I feel no great urgency to revise the Guidelines. True enough, they’re more of an analytical thought experiment than an accurate description of how merger review takes place in the agencies, but who’s really fooled? Perhaps some business people think that the Guidelines are a computer program waiting for the introduction of the relevant data to spit out the answer, but most sophisticated executives contemplating a merger will understand that the Guidelines are just a beginning point for conversation.
Could the beginning point be clearer or conform more closely to agency practice? Sure, but that doesn’t mean that revision of the Guidelines is justified. With hindsight, the First Amendment could be a little better worded, but no one wants to tinker with it now–who knows what would result? I’m sufficiently satisfied with current merger practice in the agencies that I don’t care that much what’s in the Guidelines and I am worried about the unpredictable results that could obtain if we started tinkering. Let sleeping dogs . . .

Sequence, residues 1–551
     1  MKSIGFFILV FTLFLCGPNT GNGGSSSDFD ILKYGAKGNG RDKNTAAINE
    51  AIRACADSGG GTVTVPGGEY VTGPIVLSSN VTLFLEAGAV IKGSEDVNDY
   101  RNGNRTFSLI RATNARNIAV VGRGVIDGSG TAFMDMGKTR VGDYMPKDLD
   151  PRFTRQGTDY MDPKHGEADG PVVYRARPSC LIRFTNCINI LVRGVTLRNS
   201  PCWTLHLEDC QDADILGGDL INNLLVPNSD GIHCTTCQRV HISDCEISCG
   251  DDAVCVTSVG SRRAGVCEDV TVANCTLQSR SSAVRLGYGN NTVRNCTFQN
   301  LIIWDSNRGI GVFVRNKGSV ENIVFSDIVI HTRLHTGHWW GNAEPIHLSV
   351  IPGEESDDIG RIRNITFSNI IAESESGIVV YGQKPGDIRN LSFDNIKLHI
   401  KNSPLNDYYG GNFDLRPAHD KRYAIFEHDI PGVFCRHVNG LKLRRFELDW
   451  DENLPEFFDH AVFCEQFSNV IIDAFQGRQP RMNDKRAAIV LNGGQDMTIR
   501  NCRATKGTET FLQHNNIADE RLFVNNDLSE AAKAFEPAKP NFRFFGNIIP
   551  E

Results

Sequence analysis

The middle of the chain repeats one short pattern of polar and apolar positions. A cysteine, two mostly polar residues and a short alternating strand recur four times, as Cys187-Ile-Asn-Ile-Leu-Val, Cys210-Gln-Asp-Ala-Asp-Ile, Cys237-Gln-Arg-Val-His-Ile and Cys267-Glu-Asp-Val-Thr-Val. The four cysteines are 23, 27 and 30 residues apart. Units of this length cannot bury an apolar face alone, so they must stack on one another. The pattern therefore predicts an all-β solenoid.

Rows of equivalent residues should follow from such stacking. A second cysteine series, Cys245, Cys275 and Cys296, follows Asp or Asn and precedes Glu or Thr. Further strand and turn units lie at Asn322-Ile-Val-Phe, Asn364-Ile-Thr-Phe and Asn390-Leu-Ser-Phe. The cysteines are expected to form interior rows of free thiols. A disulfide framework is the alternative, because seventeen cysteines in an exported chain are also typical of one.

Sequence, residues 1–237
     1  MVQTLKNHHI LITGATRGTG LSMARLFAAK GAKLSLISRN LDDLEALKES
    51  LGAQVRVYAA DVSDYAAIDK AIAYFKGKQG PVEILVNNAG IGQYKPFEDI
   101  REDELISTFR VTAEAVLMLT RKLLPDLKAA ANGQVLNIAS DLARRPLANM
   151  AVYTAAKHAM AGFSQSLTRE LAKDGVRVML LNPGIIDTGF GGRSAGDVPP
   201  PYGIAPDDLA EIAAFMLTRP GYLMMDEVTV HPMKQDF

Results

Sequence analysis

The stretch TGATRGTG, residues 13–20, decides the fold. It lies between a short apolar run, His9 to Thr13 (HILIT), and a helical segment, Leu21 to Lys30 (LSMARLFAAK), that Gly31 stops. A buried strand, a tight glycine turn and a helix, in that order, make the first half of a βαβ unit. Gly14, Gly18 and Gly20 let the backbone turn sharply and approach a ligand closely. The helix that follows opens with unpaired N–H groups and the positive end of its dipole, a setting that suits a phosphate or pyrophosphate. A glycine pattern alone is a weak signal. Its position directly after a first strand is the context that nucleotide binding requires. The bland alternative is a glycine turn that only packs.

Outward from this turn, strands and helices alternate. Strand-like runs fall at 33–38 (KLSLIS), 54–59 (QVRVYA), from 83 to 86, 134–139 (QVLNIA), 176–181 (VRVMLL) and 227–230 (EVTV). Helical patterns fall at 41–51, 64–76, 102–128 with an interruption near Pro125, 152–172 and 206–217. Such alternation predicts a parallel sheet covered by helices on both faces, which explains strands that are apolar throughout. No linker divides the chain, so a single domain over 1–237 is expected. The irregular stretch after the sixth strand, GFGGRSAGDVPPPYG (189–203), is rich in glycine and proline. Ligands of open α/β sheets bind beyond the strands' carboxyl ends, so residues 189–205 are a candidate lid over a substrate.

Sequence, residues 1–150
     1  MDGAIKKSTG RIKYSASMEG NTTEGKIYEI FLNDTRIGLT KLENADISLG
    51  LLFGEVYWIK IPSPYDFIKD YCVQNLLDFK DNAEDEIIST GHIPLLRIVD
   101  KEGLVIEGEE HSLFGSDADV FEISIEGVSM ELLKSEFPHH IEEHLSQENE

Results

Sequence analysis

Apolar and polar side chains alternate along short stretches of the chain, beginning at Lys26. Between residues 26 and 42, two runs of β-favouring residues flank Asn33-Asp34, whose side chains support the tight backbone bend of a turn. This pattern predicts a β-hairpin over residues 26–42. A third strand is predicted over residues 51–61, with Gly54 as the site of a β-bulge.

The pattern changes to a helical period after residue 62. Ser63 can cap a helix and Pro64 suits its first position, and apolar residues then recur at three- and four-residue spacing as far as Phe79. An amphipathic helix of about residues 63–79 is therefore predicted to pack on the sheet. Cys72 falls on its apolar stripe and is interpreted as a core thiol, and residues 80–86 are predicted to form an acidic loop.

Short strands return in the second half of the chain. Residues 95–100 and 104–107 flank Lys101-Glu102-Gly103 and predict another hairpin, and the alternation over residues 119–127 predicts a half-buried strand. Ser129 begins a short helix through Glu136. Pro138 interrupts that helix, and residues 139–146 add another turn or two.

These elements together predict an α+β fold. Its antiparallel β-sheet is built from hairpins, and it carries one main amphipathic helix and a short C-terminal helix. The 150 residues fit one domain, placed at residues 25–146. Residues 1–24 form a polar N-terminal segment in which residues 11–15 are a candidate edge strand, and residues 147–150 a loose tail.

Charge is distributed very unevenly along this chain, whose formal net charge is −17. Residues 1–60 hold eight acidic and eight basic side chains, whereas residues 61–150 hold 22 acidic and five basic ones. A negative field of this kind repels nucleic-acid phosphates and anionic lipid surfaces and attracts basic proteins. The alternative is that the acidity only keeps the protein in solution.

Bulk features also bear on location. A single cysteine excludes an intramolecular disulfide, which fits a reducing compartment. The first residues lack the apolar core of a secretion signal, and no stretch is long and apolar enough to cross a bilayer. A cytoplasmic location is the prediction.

But if we are going to revise, then my pet issue is the asymmetrical treatment of the probabilities on anticompetitive effects and offsetting efficiencies–a point on which Joe Simons and I are planning a fuller analysis. The Guidelines seem to suggest that if the probability of anticompetitive effects of magnitude 100 is 50% and the probability of offsetting efficiencies of magnitude 100 is 50%, then the merger should be challenged, since a greater quantum of proof is required for efficiencies than for anticompetitive effects. This makes no sense to me–everything else being equal, efficiencies that would be passed on to consumers and market power increases should be given equal weight and not assigned separate probability standards.